Dear Ms. Marinelli:
Captivity narratives are a staple of the romance genre, but rarely is it ever done correctly. And yes, I do believe that there is a correct way in which a captivity narrative is carried out in a book. The idea is that one person, usually the woman, is kidnapped by the another more powerful entity (usually the hero). The captive then begins to effectuate change from within. In some ways it is a true triumph of the submissive and the trope replayed itself exhaustively in early 80s and 90s historical fiction. You see it quite a bit in paranormal fiction as well.
For the captivity narrative to work, however, the captive must gain agency in order for the two to achieve a parity in their relationship. Further, the captivity narrative shouldn’t degrade one culture in favor of the other (in other words the white woman’s culture overtakes all the customs of the native).
Banished to the Harem is a category novel that takes the captivity narrative and works it into a contemporary romance; however, it’s almost best to read this as a fantasy or alternate universe tale. Sheikh Rakhal Alzirz must take a wife and beget an heir. The traditions of their land requires that he take only one woman and impregnate her. Once his seed takes root, he must suppress his desires and take surcease in his harem, allowing the seed to grow within his wife until the heir or heiress to the throne is birthed. Rakhal is a true believer in the customs and myths of his land. His father, for instance, broke the customs and took his wife to London and she eventually died. Rakhal and his father view the mother’s death as the price his father paid for disregarding the myths of the land. And the myths required only one wife for his father, leaving Rakhal motherless.
When he has a brief fling with the virgin Natasha and she suspects she might be pregnant, Rakhal kidnaps her to his kingdom where he tries to impress upon her the values of his world. He has a harem for her sake, not for his. One of the things I appreciated about the book was the unflinching portrayal of Rakhal as a man of power and privilege. When he discovers that Natasha is a virgin, he is delighted. He will take her virginity as a celebration of his last single day in London.
While this might sound like lip service to his own selfish needs, Rakhal’s point of view is dominated by his thoughts of Natasha, his desire to only be with her, and his struggle to maintain the traditions of his people. His frank acknowledgment of his own predilections makes his actions palatable. Further, he agrees to return Natasha home if she is not pregnant and to never touch her again.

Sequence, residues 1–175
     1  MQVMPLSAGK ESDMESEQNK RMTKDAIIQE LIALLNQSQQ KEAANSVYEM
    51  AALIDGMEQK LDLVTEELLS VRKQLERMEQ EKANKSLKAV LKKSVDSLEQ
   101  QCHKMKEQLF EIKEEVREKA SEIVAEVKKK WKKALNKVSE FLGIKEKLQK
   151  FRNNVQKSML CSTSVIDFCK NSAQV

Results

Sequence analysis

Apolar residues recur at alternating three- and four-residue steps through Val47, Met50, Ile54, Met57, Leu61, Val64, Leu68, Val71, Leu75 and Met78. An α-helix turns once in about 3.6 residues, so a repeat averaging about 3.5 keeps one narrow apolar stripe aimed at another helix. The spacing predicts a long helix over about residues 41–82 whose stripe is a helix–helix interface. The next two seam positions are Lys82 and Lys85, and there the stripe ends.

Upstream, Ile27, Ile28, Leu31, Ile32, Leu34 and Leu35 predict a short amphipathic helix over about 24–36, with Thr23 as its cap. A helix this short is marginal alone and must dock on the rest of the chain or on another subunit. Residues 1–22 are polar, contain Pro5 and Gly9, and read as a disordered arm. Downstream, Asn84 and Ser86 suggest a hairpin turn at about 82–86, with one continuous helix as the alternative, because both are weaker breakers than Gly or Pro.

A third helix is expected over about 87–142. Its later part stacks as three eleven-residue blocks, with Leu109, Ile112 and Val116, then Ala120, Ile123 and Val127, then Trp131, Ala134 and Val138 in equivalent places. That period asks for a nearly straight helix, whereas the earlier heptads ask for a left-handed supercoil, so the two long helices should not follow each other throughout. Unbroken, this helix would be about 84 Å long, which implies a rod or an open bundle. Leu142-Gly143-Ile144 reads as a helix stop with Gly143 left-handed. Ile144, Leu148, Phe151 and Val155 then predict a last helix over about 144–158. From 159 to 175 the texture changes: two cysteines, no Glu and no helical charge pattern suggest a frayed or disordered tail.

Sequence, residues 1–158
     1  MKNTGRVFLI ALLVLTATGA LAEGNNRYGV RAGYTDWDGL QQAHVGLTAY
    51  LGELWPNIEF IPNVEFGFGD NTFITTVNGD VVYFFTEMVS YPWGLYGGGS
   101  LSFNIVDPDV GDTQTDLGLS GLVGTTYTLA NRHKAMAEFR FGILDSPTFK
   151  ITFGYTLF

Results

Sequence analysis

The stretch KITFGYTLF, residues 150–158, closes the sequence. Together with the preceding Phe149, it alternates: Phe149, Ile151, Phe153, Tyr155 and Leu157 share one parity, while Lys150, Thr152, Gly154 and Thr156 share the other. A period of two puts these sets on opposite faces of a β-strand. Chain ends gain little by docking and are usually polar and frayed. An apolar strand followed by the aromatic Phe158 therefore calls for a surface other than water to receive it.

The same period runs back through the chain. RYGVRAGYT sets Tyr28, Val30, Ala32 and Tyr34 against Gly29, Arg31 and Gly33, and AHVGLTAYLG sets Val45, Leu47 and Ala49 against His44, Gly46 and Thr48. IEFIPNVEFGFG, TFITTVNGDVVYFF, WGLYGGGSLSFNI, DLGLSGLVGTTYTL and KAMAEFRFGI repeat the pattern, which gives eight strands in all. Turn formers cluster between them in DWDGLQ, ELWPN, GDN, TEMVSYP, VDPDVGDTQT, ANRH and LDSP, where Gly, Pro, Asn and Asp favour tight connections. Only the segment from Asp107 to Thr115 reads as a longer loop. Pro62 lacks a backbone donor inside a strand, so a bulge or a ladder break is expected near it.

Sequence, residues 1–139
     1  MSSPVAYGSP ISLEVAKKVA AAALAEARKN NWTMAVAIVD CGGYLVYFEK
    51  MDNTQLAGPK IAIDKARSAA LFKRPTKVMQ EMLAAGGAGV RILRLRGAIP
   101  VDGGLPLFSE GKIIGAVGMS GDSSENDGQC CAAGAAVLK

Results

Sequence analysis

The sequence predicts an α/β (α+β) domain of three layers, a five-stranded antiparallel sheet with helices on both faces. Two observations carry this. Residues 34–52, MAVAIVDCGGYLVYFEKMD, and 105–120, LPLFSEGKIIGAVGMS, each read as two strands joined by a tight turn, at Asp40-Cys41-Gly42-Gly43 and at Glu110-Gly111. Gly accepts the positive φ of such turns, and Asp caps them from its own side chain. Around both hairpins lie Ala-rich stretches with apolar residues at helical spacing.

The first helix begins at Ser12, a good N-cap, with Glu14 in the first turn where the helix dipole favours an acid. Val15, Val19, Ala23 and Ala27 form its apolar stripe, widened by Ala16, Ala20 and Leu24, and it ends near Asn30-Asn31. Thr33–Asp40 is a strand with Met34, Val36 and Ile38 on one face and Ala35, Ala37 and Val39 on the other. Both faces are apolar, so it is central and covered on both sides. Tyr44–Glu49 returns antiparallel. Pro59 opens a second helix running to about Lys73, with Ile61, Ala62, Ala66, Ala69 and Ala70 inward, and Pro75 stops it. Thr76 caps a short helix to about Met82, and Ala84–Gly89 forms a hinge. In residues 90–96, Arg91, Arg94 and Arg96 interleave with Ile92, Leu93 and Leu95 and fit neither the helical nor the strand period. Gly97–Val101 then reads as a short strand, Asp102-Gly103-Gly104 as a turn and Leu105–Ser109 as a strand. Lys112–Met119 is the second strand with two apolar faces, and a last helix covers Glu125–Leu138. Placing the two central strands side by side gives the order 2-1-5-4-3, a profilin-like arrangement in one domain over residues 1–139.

Natasha, for her part, is suitably upset at being kidnapped and held hostage. She had been wooed assiduously by Rakhal and she had given in to him, enjoying a fling for once in her utterly responsible life. Natasha believes that Rakhal’s intent to shun her for all but a few days a month means she is simply a vessel of fertility. Rakhal argues that she would be most honored through the land. In accepting the myth of this story, you have to buy into Rakhal’s belief system about his own land and that he is, not ignorant of the outside world, but at the least does not ascribe to Western philosophies in any fashion. Importantly, Natasha continues to stand up for herself and she runs the gamut from not willing to be the honored vessel to fighting for her love.
The story, likely because of its length, doesn’t argue for change in social policy in the broad scope. Instead, it is an agitation of personal and intimate policy. Rakhal’s sister kingdom is ruled by a cousin and their belief is that you can marry as many times as you wish but only a male heir inherits. When the sister kingdom suffers a tragic loss and Rakhal is rocked by his feelings for Natasha, Rakhal is forced to re-evaluate the myth that has dominated his kingdom.
This is not a book for everyone, but if the captivity narrative is of interest, this is a well done contemporary setting full of emotional angst. B